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Well N starvation :) is usually accompanied by small curly leaves and plant decay at least in blyxa or the reddish leaves can be due a fresh or depleted substrate but yet can be other factors for sure :). My mystery right now is why my bacopa c. turns red overnight and green at the end of the day and other plants vice-versa (I suppose due to high CO2 levels overnight).

p.s. Nice blyxa picture :thumbup:
 

ceg4048

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Hi,
I've not actually ever seen any correlation between high CO2 levels at night and color changes. I suppose it would be easy to test by simply using an air-stone overnight to drive off the CO2 and to compare the color changes. The thing is that you really need to be able to control the environment and all associated parameters while just varying one thing in order to test. We're just not in enough control to do that consistently.

Other than Bacopa, which of your plants are turning colors on a daily basis? Also, it it certain that the same leaves are turning back and forth, or are some leaves turning and then other leaves turn? Sometime a leave will emerge with a color only for a few days, and then will go green, to be followed later by a different leaf turning red.

In general, tissue decay is more closely associated with low CO2 than with N. Again, since we tend to lack control there are many instances in which a tank suffers more than one deficiency. A lean dosing program may also suffer poor circulation or poor CO2 and then the conclusion drawn may associate the decay with low N. If the tank has poor distribution then it likely will have poor distribution of everything. Under high light energy levels, a given plant (or the entire tank) may run low of one nutrient more quickly than others.

Blyxa seems to be the kind of plant that doesn't really care too much about sediment. Many of it's segments actually detach and grow above the sediment. Here is yet another shot, not a very clean image, but enough to show detached segments growing above the sediment. I just let them grow in this case, just for entertainment value. You can see that an original portion is still in the substrate while the rest hangs on by a few roots, or are trapped above, ultimately shading the portion in the substrate. You can see that the "floating" segments have a little bit of bronze streaking while the shaded segments never showed this. Was this due to higher light or spectral differences in the upper segments, was it coincidence? Unclear, because I don't have enough control to demonstrate concrete correlations and to then draw definite conclusions.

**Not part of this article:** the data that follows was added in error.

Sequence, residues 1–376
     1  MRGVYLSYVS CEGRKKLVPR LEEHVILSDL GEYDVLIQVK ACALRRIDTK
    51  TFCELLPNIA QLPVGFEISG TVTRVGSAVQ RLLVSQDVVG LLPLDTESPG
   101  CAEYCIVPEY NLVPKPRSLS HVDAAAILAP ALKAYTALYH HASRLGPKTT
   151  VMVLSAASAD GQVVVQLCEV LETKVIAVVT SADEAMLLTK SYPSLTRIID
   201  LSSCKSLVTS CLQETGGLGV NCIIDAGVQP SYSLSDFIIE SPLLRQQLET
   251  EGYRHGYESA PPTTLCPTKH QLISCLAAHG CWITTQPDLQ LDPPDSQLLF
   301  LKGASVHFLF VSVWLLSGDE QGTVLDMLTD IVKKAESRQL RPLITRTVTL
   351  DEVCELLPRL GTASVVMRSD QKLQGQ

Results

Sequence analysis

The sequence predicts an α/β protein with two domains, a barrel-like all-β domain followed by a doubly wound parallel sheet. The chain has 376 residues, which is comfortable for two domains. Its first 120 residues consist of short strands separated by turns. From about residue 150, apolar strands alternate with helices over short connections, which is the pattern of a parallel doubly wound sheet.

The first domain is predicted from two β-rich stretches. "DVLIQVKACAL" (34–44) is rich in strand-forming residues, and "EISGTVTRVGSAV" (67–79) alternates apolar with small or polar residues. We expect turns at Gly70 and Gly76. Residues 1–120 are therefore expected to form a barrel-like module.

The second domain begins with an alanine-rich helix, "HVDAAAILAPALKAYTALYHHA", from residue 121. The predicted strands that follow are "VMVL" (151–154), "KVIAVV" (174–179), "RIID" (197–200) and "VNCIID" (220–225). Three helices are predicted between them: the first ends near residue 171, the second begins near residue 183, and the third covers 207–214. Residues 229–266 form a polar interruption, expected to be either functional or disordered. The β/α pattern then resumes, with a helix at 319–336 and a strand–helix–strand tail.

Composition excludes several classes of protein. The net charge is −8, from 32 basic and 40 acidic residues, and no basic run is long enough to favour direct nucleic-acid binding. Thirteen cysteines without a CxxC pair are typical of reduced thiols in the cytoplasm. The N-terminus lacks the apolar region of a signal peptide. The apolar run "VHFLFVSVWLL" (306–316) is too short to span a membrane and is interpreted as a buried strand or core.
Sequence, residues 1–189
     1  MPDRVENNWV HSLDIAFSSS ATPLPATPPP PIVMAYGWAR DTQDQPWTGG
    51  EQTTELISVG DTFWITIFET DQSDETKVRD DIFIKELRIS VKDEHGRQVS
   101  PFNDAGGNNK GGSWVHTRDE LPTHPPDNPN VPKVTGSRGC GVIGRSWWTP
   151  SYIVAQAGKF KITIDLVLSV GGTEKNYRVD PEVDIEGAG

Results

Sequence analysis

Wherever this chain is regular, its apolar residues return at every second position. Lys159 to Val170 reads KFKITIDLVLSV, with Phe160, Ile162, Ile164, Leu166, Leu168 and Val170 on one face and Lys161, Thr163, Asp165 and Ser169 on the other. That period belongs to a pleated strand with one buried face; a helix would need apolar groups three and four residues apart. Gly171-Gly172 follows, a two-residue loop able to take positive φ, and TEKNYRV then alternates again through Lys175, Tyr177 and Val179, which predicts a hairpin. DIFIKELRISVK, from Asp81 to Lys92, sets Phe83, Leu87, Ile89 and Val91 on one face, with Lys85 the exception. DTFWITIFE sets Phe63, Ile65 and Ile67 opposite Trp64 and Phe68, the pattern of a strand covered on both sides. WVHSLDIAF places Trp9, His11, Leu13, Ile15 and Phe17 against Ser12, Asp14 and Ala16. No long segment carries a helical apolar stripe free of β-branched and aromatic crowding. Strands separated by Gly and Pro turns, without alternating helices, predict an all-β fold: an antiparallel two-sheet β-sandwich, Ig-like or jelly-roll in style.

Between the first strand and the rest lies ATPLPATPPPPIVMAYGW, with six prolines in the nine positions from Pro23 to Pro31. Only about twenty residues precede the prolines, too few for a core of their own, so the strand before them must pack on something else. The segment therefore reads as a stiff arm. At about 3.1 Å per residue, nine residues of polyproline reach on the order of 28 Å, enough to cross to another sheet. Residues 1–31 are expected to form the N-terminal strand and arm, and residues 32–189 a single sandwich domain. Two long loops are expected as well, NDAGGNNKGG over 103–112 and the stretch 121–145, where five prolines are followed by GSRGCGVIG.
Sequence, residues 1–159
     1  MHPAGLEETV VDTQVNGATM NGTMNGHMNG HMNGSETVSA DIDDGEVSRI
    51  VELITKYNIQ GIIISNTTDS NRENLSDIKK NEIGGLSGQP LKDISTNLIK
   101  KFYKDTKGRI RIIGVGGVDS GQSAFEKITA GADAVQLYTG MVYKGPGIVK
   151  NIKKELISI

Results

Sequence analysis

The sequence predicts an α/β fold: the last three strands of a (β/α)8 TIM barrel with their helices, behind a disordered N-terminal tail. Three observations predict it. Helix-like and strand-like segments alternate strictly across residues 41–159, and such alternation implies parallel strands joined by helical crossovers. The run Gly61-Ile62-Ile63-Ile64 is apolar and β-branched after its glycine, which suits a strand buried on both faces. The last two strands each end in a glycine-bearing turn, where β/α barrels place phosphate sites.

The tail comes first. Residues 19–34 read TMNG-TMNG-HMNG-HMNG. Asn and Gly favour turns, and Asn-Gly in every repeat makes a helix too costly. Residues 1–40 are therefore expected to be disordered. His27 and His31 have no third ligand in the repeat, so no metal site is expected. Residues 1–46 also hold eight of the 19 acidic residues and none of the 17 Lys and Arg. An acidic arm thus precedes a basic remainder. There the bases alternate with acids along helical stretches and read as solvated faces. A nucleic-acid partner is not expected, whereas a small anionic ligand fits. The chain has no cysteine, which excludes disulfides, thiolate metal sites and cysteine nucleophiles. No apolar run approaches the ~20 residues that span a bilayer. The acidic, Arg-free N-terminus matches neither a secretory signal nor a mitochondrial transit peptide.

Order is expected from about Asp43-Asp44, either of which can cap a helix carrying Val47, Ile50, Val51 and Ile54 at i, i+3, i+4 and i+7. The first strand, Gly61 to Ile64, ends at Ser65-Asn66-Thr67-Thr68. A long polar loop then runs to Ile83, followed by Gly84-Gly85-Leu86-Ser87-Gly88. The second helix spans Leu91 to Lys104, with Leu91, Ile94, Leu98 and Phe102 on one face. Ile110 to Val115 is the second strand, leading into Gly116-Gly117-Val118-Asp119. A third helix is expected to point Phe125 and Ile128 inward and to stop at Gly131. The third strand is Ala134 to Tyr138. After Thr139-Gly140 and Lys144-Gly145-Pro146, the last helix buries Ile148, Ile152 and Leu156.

2739085890038170470S600x600Q85.jpg


I have some close up images of Blyxa and touched on the issue of it's color changes in the thread Blyxa Japonica Flowers Underwater

Cheers,
 

bogwood

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Ive been following this post with great interest, having experienced this with my own Blxya.
In addition for some weeks now, ive been unsure what to do as the growth is very vigorous, but all out of the substrat.

Interesting to see "ceg" has made reference to this .....quote

"Blyxa seems to be the kind of plant that doesn't really care too much about sediment. Many of it's segments actually detach and grow above the sediment. Here is yet another shot, not a very clean image, but enough to show detached segments growing above the sediment. I just let them grow in this case, just for entertainment value. You can see that an original portion is still in the substrate while the rest hangs on by a few roots, or are trapped above, ultimately shading the portion in the substrate. "

Should i leave it be, or remove , and plant the new shoots back in the substrat, not sure Any suggestions :?:
 

ceg4048

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Hi,
Yes this is purely optional, however most purists will want to replant because it just looks neater that way. In the photo above I just let it grow detached like a paraglider but you'll have a cleaner scape if you replant. I just found it tedious sometimes...

Cheers,
 

nayr88

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hi people.

I agree Alan, happy i started this thread. 8) its such a stunning plant, easily one of my favorite, and the info here makes it a very interesting plant aswell,

nice picture ceg4048, any full tank shots?
 

ceg4048

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Thanks mate. Glad you find it useful. I agree Blyxa is a very interesting plant. I only used it as an adornment and on my full tank shots Blyxa disappears, but there are a lot better scapers here that do a great job featuring this plant.

Check out George Farmer's:
80cm - Blyxa Hills


60cm - English Summer


Then there is James3200's Blyxa Carpet
DSC_0063.jpg


And, of course there's JamesM's Infamous - Without Foundation
2009_08040050.jpg


2009_08090002.jpg


Cheers,
 

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A

Anonymous

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I've trimmed my bacopa colorata so now I need to wait until it grows up again so I can see it behind my wall of mayaca sellowiana :). I'm not that into getting plants red (at least not now) so I don't bother to much with this issue. Regarding blyxa although I'm not a fan of this plant (don't throw stuff at me :D) I do noted the plant getting red in a freshly new setup, so I suppose very low nutrients triggers its reddish colour.

Thanks for the insight man, I really appreciate it! :thumbup:

Have a nice day! :wave: